The Stagecrafters Offer a Winter Escape to the Warmth of BEE-LUTHER-HATCHEE

by Ginger Agnew

No set, scant props, platforms and projections create an atmosphere showcasing powerful voices, compelling characters and a tantalizing mystery, all making up BEE-LUTHER-HATCHEE playing through February 9 at The Stagecrafters. This production is one step away from a staged reading, and yet so much more. The story revolves around New York City editor Shelita Burns, who creates a book series to honor once silent literary voices. Friends, work, culture, heritage, a memoir she edited, and literary success, make up her world. Meeting the author of this particular memoir is her major life goal. As the action unfolds, everything Shelita’s thinks she knows, understands and stands for begins to unravel.

Tiffany Barrett brings Shelita to life with the right mix of patience and frustration. Barrett creates a character who displays honesty and integrity befitting a 21st century New York City woman of the world, and the vulnerability of a little girl. Shelita is allowed to shine through with her need to have her own and similar voices heard, the stories told of their shared past and heritage.

Vanessa Ballard and Edward G. Marcinkiewicz in BEE-LUTHER-HATCHEE at The Stagecrafters. (Photo credit: Sara Stewart)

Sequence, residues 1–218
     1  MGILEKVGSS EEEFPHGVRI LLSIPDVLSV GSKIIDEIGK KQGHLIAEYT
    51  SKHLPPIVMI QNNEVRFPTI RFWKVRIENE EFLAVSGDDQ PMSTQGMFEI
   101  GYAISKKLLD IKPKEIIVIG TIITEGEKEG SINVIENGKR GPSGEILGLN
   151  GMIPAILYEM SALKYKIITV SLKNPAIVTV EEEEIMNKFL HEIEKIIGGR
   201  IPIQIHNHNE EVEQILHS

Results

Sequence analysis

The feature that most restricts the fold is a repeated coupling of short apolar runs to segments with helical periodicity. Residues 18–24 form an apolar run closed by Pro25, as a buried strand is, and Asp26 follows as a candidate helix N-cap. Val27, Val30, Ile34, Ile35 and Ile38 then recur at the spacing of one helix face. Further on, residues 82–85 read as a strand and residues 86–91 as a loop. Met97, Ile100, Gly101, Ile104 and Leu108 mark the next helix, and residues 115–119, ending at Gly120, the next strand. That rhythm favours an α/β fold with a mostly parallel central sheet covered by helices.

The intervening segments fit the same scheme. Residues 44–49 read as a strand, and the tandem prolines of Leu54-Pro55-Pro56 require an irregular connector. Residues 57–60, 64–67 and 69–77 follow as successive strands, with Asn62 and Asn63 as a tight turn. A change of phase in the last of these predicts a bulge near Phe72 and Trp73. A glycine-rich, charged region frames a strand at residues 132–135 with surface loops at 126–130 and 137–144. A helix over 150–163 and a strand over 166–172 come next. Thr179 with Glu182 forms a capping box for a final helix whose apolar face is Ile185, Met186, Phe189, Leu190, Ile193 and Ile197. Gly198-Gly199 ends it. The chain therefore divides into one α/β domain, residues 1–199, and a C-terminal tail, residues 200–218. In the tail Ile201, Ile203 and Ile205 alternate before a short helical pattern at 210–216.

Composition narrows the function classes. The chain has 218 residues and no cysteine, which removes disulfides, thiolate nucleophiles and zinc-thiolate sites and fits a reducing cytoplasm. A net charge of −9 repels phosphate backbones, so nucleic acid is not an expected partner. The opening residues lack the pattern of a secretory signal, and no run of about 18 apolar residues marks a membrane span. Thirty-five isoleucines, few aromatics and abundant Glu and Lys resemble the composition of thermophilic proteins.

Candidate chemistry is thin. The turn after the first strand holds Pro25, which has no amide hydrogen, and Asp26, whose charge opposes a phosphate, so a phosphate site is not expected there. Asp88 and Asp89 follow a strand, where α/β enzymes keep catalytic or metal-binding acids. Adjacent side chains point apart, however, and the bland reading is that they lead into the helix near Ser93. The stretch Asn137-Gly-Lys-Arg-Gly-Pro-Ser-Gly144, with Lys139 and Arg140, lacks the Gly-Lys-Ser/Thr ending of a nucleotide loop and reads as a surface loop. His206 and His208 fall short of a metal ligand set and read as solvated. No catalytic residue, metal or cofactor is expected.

Vanessa Ballard and Edward G. Marcinkiewicz in BEE-LUTHER-HATCHEE at The Stagecrafters. (Photo credit: Sara Stewart)

Vanessa D. Ballard as Libby Price presents a powerhouse of a character, believable and rich with stories to be told. Listening to Ballard talk, connect with the stories, and the character she is watching the crafting of a portrayal of a woman with whom anyone would want to sit and spend the day. Ballard anchors the show, always exiting too soon but leaving behind so much to savor.

Susan Mattson as Anna makes for a best friend anyone would want. Mattson brings pride in her friend, a shoulder to cry on and blunt honesty, with just a touch of jealousy. Patricia Pelletreau calmly and sincerely presents a nun who is there to help and helps to hurt Shelita.  Ceclile C. Mihalich as a reporter has quiet assertiveness necessary to make the audience believe she usually hears yes when going after her story. Edward G. Marcinkiewicz uses the gentleness of a southern accent and openness of character to give his role a voice.

Act II belongs to Barrett, who together with Paul McNair as Sean Leonard bring out the story that nobody sees coming. Together they triumphantly tell a tale revealing a mix of mystery, discovery, compassion, rejection, heritage, confusion, and purpose. They are a formidable acting duo. Theirs is a struggle that is old and yet fresh in this telling.

An enjoyable evening of theater bringing a mix of compassion, honor of heritage, mystery, and discovery. What does BEE-LUTHER-HATCHEE mean? Those who listen, carefully consider, and allow a ‘tale well told’ to wash over them will experience the answer and feel it in the belly.

by Thomas Gibbons

Directed by Barbara Mills
January 24 – February 9, 2014
Thursdays, Fridays and Saturdays at 8 PM
Sundays at 2 PM
The Stagecrafters
8130 Germantown Avenue
Philadelphia, PA 19118

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